AGG Triplets in FMR1 Linked to Number of CGG Repeats, Consanguinity, Study Finds

Joana Carvalho, PhD avatar

by Joana Carvalho, PhD |

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premutation carriers and fragile X

The presence of AGG triplets in the FMR1 gene sequence may be linked to the number of CGG repeats — the genetic cause underlying fragile X syndrome — and the degree of consanguinity among individuals from the general population, according to a study.

The results of the study, “The role of AGG interruptions in the FMR1 gene stability: A survey in ethnic groups with low and high rate of consanguinity,” were published in Molecular Genetics & Genomic Medicine.

Fragile X syndrome (FXS), the most frequent single genetic cause of autism spectrum disorder (ASD), is caused by the expansion of CGG repeats in the fragile X mental retardation 1 (FMR1) gene, which provides instructions for making a protein called the fragile X mental retardation protein, or FMRP. Each CGG triplet has the instructions to produce an amino acid (the building blocks of proteins) called glutamine.

While full mutation carriers typically have more than 200 CGG repeats, pre-mutation carriers have between 55 and 200 CGG repeats. Healthy individuals have fewer than 57 CGG repeats.

Besides having CGG repeats, the FMR1 gene sequence typically also has AGG triplets that tend to appear in between every nine or 10 CGG repeats.

“It has been demonstrated that, in addition to the CGG repeat number, increased [FMR1 genetic] instability correlates with AGG loss,” the researchers stated. However, they said, “the prevalence and the role of AGG interruptions within the FMR1 gene in the [general] population is unknown.”

In this study, investigators from Israel’s Ben-Gurion University in collaboration with researchers from the University of California, Davis set out to explore the impact of the AGG triplets on the stability of the FMR1 gene in individuals from the general population with different levels of consanguinity.

The study involved 6,865 Bedouin women whose levels of consanguinity are estimated to range from 45.2% to 70.1% because of the high frequency of marriages between genetically related individuals within the community, and 6,204 Jewish women whose levels of consanguinity are estimated to be lower than 5%.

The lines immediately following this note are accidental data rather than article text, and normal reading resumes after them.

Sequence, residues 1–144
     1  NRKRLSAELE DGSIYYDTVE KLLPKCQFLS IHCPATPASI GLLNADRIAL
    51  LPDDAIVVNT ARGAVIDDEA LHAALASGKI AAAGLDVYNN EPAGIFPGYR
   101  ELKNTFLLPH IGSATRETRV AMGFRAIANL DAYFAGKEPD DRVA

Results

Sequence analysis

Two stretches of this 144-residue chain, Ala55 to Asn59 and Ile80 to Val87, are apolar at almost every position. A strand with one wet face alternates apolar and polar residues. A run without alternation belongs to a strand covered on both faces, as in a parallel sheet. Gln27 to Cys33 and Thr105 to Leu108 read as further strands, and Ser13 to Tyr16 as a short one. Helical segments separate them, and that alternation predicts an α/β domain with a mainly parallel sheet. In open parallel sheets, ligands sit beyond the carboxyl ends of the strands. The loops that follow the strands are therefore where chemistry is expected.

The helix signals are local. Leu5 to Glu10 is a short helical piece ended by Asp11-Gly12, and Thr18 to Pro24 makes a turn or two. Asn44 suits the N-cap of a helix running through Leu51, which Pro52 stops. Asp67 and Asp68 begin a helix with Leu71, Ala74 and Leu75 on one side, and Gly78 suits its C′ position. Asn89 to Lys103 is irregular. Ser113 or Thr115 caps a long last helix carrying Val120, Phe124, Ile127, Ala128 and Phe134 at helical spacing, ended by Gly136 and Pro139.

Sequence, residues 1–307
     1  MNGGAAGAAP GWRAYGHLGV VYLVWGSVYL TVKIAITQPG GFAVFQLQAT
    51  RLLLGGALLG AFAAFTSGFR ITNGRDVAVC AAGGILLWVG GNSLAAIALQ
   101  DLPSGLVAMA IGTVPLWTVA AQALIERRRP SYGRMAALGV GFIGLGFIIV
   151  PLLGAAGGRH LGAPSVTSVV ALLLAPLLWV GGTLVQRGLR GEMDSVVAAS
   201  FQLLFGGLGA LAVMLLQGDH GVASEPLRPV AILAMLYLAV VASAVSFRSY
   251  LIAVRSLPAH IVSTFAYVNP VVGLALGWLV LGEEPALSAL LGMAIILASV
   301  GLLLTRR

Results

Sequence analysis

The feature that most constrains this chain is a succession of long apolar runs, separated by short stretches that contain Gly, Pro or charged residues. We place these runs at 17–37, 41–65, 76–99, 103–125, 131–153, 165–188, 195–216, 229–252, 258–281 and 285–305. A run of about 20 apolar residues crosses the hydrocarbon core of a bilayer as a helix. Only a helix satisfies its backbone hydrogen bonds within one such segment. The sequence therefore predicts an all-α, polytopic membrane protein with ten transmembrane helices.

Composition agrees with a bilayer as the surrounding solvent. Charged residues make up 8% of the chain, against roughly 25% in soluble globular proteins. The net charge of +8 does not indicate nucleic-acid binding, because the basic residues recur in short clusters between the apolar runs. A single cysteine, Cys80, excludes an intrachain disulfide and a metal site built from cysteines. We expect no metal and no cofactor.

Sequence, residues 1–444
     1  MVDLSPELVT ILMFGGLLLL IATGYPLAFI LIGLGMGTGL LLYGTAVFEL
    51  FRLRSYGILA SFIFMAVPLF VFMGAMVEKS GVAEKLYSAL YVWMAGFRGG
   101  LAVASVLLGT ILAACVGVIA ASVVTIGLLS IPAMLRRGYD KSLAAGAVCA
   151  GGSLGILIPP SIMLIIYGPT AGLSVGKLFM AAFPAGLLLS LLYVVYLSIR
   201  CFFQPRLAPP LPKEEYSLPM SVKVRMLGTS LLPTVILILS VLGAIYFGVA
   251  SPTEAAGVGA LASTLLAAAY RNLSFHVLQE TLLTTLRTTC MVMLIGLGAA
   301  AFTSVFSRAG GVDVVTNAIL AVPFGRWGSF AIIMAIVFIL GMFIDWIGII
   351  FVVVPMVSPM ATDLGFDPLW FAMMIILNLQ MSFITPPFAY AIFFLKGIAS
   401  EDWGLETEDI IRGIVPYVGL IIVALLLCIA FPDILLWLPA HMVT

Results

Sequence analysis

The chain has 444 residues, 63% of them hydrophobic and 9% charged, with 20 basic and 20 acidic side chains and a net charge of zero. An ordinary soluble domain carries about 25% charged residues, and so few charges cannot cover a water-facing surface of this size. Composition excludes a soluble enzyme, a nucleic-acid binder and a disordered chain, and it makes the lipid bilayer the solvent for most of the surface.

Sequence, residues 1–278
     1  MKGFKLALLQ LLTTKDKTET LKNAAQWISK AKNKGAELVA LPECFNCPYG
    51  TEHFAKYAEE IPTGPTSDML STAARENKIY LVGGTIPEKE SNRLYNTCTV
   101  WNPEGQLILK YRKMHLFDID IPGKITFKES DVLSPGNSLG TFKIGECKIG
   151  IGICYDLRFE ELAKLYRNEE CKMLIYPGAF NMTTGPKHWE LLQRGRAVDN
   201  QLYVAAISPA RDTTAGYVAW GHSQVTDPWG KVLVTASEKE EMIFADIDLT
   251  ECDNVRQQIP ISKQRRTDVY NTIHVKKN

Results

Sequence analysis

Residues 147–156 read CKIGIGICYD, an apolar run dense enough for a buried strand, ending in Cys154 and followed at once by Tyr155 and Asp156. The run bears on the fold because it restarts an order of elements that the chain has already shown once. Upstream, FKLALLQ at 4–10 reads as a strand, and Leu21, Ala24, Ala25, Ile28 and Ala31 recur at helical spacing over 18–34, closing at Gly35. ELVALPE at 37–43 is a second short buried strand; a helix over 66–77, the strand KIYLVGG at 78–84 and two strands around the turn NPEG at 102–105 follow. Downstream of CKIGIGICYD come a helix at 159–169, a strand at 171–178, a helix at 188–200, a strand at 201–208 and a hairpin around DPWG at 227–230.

Investigators isolated DNA from blood samples collected from all the study participants. Genetic analyses were then used to assess the number of CGG repeats, as well as the presence of AGG triplets in the FMR1 gene sequence of all the women.

As expected, the homozygosity rate, more commonly known as inbreeding (breeding of genetically related individuals that leads to a decrease of genetic variability in the offspring), was higher among Bedouin women than among Jewish women.

Results showed that Jewish women tended to have a higher number of CGG repeats compared to Bedouin women:

  • The prevalence of pre-mutation carriers among Bedouin women was 1:158; among Jewish women, 1:128;
  • None of the Bedouin women carried the full FMR1 mutation; however, the prevalence of full mutation carriers among Jewish women was 1:1,149.

Genetic analyses also showed that Jewish women tended to have a higher number of AGG triplets than Bedouin women. Nevertheless, the loss of AGG triplets in between CGG repeats was relatively high among women from both groups, affecting 37.2% of Bedouin women and 32.2% of Jewish women.

In addition, investigators found that the loss of AGG triplets was directly correlated with the number of CGG repeats in women from both ethnic groups.

“[Our] results demonstrate that consanguinity affects the homozygosity as well as the prevalence of AGG loss. However, it did not affect the prevalence of the pre-mutation and full mutation of the FMR1 gene in the [high consanguinity] group.

“[Further] studies are warranted to clarify these results as well as the mechanism of FMR1 instability, which is, to date, still not fully understood.”